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Florida midterm voters recently restored the rights to vote for felons with its approval of Amendment 4.

The amendment to the state constitution was passed with at least a 2 million-plus margin. The approval paves the way for potentially millions of convicted felons in the state to vote.

Amendment 4 in Florida applies to felons who served their sentence, including parole and probation, but will not apply to those convicted of murder or sexual offenses, per the USA Today.

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The change is expected to affect future election results in Florida, as well as presidential races.

“On bulk, I think the measure is very positive,” Rob Scott, executive director of the Cornell University Prison Education Program told the Palm Beach Post. “Enfranchising a million voters is nothing small. It is a big deal and a shift in American criminal justice policy thinking in relation to the concept of rehabilitation and second chances.”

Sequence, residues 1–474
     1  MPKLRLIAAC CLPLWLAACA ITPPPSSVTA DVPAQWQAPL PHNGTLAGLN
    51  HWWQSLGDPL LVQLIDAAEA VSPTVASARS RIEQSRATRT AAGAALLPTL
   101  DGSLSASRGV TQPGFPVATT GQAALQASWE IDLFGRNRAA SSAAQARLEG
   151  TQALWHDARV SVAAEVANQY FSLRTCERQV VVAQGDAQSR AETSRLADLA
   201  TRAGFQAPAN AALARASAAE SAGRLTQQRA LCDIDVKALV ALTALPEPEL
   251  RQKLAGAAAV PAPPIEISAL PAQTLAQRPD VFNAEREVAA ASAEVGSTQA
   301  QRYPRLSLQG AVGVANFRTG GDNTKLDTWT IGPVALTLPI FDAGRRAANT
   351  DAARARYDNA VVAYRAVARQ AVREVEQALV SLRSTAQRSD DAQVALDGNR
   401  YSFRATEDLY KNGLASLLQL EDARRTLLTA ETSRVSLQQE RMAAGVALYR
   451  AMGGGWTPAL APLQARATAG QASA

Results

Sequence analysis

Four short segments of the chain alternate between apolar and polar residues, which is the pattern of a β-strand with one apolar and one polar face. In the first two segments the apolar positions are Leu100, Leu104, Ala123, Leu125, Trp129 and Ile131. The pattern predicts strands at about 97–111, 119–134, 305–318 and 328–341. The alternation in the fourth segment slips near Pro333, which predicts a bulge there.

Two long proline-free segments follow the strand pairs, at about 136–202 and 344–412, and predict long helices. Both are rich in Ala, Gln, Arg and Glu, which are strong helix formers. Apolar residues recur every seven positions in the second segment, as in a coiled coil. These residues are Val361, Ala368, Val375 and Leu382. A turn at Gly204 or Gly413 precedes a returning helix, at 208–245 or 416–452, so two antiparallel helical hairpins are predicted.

Going into the election, Florida was one of four states where convicted felons do not regain the right to vote, until and unless a state officer or board restores an individual’s voting rights.

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